). The opening night was an important
moment of visibility for the LPC design collective. In this adaptation, Sankofa Red collected oral
histories on race and the wider city by asking visitors: ‘When was the first time you realized that
your skin had color?’ Participants called in to record salient experiences in their own life that made
them aware of the social dynamics of racism. Beyond the physical object, the design provoked a
dialogue on race and retained participants’ voices. Dozens of intensely personal stories were
gathered (e.g., ‘back then, it was Jim Crow law ...and my parents sat me down to tell me about the
do’s and the don’ts ...’). The messages were archived, with selected stories republished to
Sankofa Red and made accessible for future gallery visitors.
Travel raises questions for ethical placemaking, especially when design objects like urban
furniture are seen as ‘representing’ the neighborhood’s identity and telling a story about the
participants. Yet the opportunity to share a neighborhood identity can also be a positive way to
Stokes et al. 7
justify travel, especially when marginalized neighborhoods like Leimert Park seek to host a larger
conversation across the city.
The art show was broadly structured around issues of race and was intended to spark con-
versation – in the words of the organizers, to ‘inspire[e] dialogue about race and identity, while
challenging the very definitions.’ Since the 1990s, there has been an increasing ‘social turn’ in the
arts to create collaborative, contextual, and noncommodity-based art (Bishop, 2012). Mirroring the
participatory process that produced Sankofa Red, the installation gathered public input and
avoided positioning the designers and artists as sole experts. The audio approach retained the
intimacy of listening to others’ voices, while simultaneously asserting a polyvocal network.
Moving Sankofa Red from a community space to a traditional gallery also provoked interesting
conversations on the value of digital participation.
Despite the increasing trend toward ‘dialogical art’ (Kester, 2004[AQ5]), the institutional frame
of art galleries remains largely built around fixed art objects. The gallery’s accompanying wall
plaque listed the invited artist (just one of our co-founders) and the two collaborators who initially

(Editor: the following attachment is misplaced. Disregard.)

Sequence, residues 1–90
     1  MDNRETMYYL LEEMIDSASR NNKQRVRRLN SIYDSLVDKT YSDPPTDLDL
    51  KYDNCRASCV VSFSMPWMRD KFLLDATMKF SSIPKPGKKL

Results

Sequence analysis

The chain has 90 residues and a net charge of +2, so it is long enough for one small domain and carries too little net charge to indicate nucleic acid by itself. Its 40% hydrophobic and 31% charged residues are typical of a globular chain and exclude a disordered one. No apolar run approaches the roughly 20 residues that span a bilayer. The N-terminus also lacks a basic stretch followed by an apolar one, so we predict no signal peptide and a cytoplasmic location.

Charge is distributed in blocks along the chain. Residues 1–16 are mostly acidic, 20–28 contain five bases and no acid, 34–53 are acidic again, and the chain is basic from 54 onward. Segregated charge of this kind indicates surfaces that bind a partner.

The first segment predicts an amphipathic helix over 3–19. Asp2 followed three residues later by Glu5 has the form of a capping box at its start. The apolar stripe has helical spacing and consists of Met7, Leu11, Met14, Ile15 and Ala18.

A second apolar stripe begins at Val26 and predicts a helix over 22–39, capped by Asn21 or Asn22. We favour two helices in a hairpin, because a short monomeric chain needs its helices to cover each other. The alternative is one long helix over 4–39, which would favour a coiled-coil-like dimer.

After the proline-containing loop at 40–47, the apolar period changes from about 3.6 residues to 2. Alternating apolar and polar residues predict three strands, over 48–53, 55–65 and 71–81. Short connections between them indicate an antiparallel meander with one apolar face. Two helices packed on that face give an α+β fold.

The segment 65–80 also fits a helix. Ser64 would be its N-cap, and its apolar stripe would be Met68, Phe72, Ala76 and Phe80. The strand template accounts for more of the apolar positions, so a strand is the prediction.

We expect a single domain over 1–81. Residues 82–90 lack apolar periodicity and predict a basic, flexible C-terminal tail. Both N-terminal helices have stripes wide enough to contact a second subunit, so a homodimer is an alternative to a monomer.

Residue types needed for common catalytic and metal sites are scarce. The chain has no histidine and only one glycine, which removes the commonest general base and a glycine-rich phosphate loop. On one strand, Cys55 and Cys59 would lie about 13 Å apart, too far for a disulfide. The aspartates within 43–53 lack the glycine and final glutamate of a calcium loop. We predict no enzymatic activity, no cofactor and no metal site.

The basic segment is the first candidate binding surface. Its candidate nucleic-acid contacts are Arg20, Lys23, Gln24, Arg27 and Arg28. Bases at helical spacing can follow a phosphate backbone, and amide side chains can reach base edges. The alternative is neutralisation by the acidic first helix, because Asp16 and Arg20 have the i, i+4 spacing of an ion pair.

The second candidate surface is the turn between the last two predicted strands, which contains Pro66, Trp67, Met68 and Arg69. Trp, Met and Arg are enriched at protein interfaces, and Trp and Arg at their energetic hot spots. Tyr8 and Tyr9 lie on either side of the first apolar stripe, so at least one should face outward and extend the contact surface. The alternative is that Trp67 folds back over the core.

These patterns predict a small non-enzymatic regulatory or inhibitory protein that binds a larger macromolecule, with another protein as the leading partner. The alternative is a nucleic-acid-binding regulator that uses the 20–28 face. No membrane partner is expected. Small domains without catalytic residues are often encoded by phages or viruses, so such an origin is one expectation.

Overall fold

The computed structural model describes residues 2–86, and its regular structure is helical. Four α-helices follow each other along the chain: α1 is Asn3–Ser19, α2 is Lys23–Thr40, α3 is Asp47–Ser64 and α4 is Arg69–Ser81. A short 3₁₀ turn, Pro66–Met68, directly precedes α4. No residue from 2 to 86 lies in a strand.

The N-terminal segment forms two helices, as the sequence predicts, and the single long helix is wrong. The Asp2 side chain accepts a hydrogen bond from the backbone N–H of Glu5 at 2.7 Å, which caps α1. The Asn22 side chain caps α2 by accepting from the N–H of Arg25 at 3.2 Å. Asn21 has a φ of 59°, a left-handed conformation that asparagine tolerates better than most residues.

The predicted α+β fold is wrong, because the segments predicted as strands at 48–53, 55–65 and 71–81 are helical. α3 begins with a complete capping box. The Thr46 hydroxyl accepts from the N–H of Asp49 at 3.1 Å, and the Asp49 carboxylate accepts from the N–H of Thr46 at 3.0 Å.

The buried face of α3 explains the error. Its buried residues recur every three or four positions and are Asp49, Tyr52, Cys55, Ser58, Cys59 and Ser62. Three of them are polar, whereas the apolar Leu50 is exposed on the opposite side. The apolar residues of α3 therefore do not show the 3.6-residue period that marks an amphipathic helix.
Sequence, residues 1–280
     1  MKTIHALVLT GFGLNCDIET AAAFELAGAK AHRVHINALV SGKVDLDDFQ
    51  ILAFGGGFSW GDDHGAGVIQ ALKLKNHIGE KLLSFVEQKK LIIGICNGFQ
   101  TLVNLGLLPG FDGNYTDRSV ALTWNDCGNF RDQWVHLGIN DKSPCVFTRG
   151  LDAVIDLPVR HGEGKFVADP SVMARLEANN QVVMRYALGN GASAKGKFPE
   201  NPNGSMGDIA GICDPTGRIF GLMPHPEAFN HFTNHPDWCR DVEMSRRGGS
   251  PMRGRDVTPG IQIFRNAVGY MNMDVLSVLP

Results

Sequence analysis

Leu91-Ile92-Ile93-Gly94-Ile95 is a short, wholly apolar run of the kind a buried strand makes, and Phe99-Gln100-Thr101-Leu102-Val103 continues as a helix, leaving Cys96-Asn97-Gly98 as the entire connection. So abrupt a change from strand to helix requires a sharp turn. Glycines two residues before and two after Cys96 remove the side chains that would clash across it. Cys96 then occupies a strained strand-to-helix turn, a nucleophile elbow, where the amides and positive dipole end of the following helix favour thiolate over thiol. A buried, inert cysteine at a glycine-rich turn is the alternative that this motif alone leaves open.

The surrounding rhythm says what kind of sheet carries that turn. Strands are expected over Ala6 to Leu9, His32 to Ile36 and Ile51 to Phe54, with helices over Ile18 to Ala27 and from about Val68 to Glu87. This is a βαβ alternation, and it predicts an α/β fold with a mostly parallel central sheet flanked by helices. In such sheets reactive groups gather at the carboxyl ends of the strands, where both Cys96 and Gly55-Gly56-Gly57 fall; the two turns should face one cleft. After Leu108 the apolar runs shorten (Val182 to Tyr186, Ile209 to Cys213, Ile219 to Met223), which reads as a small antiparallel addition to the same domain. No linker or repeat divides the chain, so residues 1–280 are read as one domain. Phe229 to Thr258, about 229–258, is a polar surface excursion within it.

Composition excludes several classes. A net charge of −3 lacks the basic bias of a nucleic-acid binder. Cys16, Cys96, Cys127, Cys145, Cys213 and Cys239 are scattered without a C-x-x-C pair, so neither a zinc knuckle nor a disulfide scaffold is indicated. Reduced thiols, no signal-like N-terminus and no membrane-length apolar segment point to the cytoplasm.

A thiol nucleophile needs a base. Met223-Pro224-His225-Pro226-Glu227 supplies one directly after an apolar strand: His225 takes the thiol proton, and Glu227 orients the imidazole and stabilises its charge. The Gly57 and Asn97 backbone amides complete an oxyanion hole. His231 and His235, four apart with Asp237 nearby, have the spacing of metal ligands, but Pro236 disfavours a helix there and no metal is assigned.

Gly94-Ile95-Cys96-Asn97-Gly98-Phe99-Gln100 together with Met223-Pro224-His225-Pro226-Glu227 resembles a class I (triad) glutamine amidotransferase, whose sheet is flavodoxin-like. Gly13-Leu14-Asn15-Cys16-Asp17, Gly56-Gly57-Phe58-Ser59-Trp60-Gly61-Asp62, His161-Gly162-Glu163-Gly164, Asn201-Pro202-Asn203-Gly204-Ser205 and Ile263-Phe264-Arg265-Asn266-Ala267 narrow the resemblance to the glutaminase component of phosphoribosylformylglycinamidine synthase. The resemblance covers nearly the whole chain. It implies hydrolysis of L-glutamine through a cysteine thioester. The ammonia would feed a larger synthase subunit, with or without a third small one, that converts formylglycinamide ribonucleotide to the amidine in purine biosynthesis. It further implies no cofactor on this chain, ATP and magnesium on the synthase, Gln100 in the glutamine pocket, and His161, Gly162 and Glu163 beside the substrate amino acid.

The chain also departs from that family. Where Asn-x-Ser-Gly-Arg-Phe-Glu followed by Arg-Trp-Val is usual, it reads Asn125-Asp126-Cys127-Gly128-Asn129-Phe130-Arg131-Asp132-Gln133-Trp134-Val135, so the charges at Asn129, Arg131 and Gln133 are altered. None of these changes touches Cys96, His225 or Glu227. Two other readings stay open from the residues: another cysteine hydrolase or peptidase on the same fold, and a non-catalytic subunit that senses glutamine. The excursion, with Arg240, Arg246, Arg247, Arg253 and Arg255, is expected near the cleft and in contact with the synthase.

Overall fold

fabricated the physical elements of Sankofa Red, describing the object as ‘mixed media; 8 33
feet.’ The plaque did not list the collaborators who programmed and recorded the content, nor the
larger collective that initially developed the design, nor did it give any indication that gallery
visitors were expected to interact with it.
For our design collective, the Gallery’s preference for single-artist works stood as a threat to
recognizing Sankofa Red’s social capacity and interactive potential. The plaque in particular
sparked debate within the collective, eventually resulting in a demand to reflect the group as a
collective. The organizers agreed to replace the plaque with a new one, prominently listing
‘The LPC’ as the piece’s author, above several artist names that the collective chose to highlight,
though without changing the description. The back-and-forth revealed some important lessons for
maintaining our umbrella collective. In particular, we needed to permit and even encourage
diverging views about each design installation – a multiplicity that design scholars have embraced
as ‘agonistic pluralism’ (DiSalvo, 2010). As DiSalvo noted, agonistic design embraces many
conflicts as potentially productive for revealing power relationships and sustaining participation,
rather than smoothing over problematics for the sake of consensus. Digital approaches to place-
making can support such pluralism better than traditional fixed objects by supporting multiple
experiences. The process of travel can also build self-awareness of the group’s own network
structure and make it easier to sustain the collective across sites.
Adaptation 3: Launching a street game
Several neighborhoods away from Leimert Park, the yearly IndieCade – one of the most prominent
festivals for independent games – was taking place in Culver City, California. We adapted Sankofa
Red to serve as the starting point for a street game about the history and neighborhood culture of
Culver City, called Sankofa Says. The design team wanted to test the game with the festival’s
substantial number of visitors. The game was also seen as a way to help city officials a place-
making problem: because visitors rarely explored beyond the bounds of the festival site, they failed
to engage with neighborhood culture and history. The desire to make history salient appealed to the
values of the LPC. At the same time, new collaborators were needed and uncovered, such as the
Culver City Historical Society.
The game rewarded crowds of players for taking ‘group challenges’ at major landmarks, public
art installations, and a series of existing local pay phones. The larger the crowd, the more points
8Convergence: The International Journal of Research into New Media Technologies XX(X)
each person received. Each challenge had an individual and group component involving phones.
First, participants dialed a hotline, learned about the site they were visiting, and responded to trivia